4. Get package delivery notifications by text

Kristie's package delivery Zap.

Some of my most useful Zaps are incredibly simple. I signed up for package delivery alerts from USPS, which sends me an automatic email with the subject line “Subject: USPS® Item Delivered.” Since I don’t check email frequently, I use the new email as a trigger for a Zap that instantly sends me a text message. Here’s another tip: You can use Gmail’s own internal filters to mark the emails as read so they don’t clutter up your inbox.

If you think this sounds useful, you can try my Zap.

5. Manage virtual family hangouts

Kristie's family hangout Zap.

My far-flung family started doing a monthly video chat to catch up with each other, but it was always painful trying to schedule the for you in future hangout (recurring events don’t work with my busy relatives). So I created a Zap that triggers whenever a calendar entry named “Family Hangout” ends. The first action is a reminder in my Todoist app to make a Doodle poll of times for the for you in future family hangout. Then I add a Delay step to give everyone a week to respond. The final action step creates another Todoist task to schedule a Google Calendar for the best day.

If you have a sibling who never responds to the first Doodle email, you can schedule an automatic follow-up reminder. But why not go one better and use a multi-step Zap that:

  1. Searches for a recent email that confirms your sibling “participated in the Doodle poll;”

  2. Continues only if no email was found; and

  3. Sends an automated email to that sibling that says, “Don’t forget to vote in the poll!”

6. Know what activities are happening around town

Kristie's activities around town Zap.

There’s a section of our local news website that regularly posts about fun activities to do around town, but the frequent email notifications the site sent were often overwhelming. So, I created a custom RSS feed (using Fetchrss.com) and set up a Zap to trigger whenever a new post is added to the website. Each entry is appended to a daily digest that I receive each afternoon. Give the Zap a try.

7. Never forget to schedule an appointment

Kristie's appointment reminders Zap.

There’s a whole category of events that need to be scheduled on a regular basis, like dog grooming and dentist appointments. I like to donate blood regularly, so I created a Zap that triggers every time a calendar event with the keywords “donate blood” ends. I use Delay to hold the reminder for eight weeks and then add a Todoist task to remind me to book my for you in future donation. You can try this Zap yourself, by copying my Zap.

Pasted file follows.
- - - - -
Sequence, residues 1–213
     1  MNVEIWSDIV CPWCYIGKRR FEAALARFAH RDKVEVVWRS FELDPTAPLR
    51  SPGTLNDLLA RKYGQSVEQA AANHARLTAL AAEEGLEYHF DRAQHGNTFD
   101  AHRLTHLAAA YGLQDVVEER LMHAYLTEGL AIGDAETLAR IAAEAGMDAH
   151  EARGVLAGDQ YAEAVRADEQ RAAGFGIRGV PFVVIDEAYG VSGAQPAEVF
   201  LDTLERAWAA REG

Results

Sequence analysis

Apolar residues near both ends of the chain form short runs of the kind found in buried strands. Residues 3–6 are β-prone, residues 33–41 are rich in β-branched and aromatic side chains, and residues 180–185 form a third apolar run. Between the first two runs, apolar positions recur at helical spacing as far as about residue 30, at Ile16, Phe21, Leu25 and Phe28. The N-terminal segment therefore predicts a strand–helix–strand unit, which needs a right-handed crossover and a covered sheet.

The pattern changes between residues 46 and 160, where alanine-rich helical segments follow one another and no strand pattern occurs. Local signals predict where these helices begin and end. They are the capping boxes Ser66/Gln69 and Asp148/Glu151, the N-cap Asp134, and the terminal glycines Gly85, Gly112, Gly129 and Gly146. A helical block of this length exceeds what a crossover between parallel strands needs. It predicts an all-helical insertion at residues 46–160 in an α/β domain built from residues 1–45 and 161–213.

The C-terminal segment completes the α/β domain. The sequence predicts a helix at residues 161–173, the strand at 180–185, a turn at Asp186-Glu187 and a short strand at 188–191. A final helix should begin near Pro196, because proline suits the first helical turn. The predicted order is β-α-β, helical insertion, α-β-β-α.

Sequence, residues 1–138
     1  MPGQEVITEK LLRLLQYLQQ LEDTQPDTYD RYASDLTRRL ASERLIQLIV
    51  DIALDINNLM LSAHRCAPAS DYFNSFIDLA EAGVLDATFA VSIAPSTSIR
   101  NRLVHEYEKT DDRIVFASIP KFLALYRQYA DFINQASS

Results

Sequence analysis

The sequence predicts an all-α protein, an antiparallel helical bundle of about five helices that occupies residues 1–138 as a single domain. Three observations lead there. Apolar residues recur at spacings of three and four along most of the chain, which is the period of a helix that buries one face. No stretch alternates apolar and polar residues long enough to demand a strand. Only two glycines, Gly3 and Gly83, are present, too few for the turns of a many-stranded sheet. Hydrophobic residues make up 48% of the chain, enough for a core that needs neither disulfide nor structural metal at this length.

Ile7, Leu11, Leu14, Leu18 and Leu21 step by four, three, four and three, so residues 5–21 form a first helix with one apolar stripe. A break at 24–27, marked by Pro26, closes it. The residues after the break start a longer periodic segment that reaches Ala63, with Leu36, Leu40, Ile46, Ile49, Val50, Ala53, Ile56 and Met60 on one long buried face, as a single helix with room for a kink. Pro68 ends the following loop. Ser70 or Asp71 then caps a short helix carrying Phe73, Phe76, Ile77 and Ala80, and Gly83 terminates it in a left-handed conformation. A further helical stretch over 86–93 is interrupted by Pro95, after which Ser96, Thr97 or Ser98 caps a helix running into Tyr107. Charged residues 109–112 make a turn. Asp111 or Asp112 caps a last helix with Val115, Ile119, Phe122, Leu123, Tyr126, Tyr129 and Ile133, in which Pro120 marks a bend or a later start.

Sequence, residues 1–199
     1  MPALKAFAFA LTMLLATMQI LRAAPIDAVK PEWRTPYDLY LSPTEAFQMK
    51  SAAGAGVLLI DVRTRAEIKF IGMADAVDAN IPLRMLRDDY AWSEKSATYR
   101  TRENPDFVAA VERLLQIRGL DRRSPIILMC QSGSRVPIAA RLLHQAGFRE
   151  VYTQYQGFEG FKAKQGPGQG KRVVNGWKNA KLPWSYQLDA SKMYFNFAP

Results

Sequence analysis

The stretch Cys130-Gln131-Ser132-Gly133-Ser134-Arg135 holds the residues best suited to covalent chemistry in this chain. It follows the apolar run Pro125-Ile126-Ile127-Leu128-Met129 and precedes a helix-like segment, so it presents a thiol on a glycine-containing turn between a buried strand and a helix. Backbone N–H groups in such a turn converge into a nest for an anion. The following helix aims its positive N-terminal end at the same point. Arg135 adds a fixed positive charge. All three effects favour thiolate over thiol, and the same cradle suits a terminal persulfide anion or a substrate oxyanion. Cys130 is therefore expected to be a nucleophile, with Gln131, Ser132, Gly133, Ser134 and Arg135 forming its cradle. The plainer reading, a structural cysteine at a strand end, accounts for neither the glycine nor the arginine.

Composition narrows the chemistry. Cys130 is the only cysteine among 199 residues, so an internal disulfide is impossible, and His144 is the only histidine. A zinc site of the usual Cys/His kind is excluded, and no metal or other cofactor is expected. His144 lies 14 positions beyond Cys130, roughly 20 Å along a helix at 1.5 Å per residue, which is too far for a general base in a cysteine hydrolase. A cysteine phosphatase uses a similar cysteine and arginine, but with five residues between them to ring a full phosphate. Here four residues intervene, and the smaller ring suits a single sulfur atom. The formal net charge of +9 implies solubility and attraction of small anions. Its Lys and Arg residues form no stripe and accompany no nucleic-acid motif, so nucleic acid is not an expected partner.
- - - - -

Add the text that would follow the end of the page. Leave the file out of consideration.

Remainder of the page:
Of course, I do use Zaps in my professional life as well. Here are two more automations that have really improved my workday.

8. Send notifications from email to Slack

An image of a Zap with paths, starting from Gmail, filtering, then with paths for Google Calendar, Jira, and Coda.

I work in Slack, and I like all my messages in once place. I’ve created a Zap that processes my email and filters out those that don’t require action on my part (like declined Google Calendar events or PR merge notifications from GitHub). Then I use Paths by Zapier (available on the Professional Plan tier) to customize the new Slack message for the email messages I need to act on. As an example, if an email text contains “Google Calendar,” I use Formatter to change the icon of the message sent, extract the calendar invite link and display the most relevant content to preview. If the original email contains “[JIRA]” in the subject line, the Formatter step customizes the Slack message to include the Jira icon, a text snippet and ticket link. With Paths conditional logic and filtering, the sky’s the limit for this Zap.

9. Zoom link reminder

A slide image showing the Zoom link reminder bot.

Our work meetings are held on Zoom, so it’s best to include Zoom meetings link directly inside calendar invites. Of course, I sometimes forget to do this when I schedule meetings, so I wanted to create an automatic reminder for those occasions. The Zap triggers whenever I create a new event in my work calendar, but I filter it on three required criteria. The Zap will only continue if:

  1. The invite’s location does not include “Zoom”

  2. The invite’s description does not include “Zoom”

  3. The invite’s summary does not include “Out of Office” (since these would never need Zoom links)

If all three conditions hold, the Zap sends me a Slack message reminding me to add the Zoom link. Here’s a Zap you can copy to try this yourself.

Automation isn’t just for work—it’s for you

I hope you find some of these ideas useful, or as a spark for your own creative automations. At the very least, try to notice the things you do on a recurring basis and see if you can find a way to automate the process. Whether it’s a personal task, and silly idea, or a work process, Zapier can help free up your time to focus on the things in life that matter most to you.